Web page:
Ministry: Heating with shale oil in Narva allowed

Loading of shale oil.
Loading of shale oil. Source: Rene Kundla/ERR

The Ministry of Economic Affairs says that due to the failure of natural gas procurement, the use of shale oil for heating in Narva is justified. Since the gas supplies necessary for the winter heating period are not fully guaranteed, all heat producers who can use shale oil should do so.

Enefit Power, a subsidiary of state energy company Eesti Energia, has asked the Environment Agency for an exemption from pollutant emissions standards due to the failure of natural gas procurement, allowing it to use up to 14,893 tonnes of shale oil as its primary fuel from July of this year to the end of the next year.

The Environmental Board requested confirmation from the Ministry of Economic Affairs and Communications that a real risk of disruption to natural gas supplies exists, which would justifying a derogation.

Timo Tatar, deputy secretary general for energy and mineral resources at the Ministry of Economic Affairs, said in his response to the Board that the possibility of gas supply disruptions is real and that an exemption would be necessary at least until the end of the upcoming heating season.

Tatar said that the Baltic States and Finland together are consuming more than 60 TWh of natural gas, whereas the yearly capacity of the Lithuanian LNG terminal is approximately 30 TWh, which means that not all of the required gas can be delivered via the terminal.

Estonia and Finland are constructing additional LNG reception capacity to make up for the shortfall, but it is not yet possible to be certain that the terminal will be completed and gas supplies will be operational. Also, it is not yet possible to order supplies to the LNG port while it is under construction.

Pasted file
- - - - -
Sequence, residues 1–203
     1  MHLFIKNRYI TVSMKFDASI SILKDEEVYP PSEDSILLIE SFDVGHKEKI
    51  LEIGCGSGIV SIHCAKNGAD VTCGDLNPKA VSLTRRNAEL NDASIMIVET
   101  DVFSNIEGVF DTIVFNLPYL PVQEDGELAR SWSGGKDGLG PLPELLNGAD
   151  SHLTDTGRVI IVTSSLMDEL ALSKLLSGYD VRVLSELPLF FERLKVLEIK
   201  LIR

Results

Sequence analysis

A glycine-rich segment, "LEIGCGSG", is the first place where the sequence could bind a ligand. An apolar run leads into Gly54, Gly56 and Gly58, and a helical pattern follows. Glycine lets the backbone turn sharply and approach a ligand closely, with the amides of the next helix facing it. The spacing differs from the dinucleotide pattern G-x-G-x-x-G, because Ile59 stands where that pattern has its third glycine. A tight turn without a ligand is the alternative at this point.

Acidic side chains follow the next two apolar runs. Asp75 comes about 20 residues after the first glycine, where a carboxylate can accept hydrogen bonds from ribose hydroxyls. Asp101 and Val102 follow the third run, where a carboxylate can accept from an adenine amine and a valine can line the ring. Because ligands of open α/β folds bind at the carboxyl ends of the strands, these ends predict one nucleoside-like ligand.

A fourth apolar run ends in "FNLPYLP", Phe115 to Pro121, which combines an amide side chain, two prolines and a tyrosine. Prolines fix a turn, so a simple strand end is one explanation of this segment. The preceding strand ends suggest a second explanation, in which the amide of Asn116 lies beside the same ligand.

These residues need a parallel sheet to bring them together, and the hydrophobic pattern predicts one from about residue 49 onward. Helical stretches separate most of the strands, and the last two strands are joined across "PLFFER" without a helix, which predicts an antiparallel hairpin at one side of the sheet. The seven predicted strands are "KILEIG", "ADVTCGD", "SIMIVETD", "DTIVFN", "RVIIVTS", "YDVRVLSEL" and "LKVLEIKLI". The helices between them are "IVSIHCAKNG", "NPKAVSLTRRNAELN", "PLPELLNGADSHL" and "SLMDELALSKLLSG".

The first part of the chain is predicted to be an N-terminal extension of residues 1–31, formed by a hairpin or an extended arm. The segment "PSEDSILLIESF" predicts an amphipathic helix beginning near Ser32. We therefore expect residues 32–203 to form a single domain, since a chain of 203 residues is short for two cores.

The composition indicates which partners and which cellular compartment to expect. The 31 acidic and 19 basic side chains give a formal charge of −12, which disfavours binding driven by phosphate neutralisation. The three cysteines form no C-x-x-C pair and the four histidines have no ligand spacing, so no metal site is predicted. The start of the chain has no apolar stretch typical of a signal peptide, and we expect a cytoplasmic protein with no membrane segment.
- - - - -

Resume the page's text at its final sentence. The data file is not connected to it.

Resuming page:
The latest data shows that not every seller has enough gas to get through the winter. "As a result, all natural gas consumers should be cutting down their consumption as much as possible. Heat producers, for example, who are able to use alternative fuels (such as shale oil) should do so as soon as possible," Tatar said.

"Additionally, all natural gas consumers will have the option to apply energy efficiency measures to varying degrees. This will ensure that natural gas is supplied throughout the whole heating season and that the most vulnerable users do not experience interruptions in their supplies. The transition to alternative fuels will not occur overnight – sufficient time is needed to secure both the quantity and availability of fuels."

In light of this, the Ministry of Economy agrees with Enefit Power's assessment that the company needs an exemption that allows the switch to shale oil.

The ministry says it is appropriate to apply the exemption until at least the end of the heating season during the upcoming winter, or until April 30, 2023.

"This will ensure that unavoidable risks of natural gas supply security will not be transferred from Enefit Power AS, a critical service provider, to the heat customers."


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Editor: Kristina Kersa

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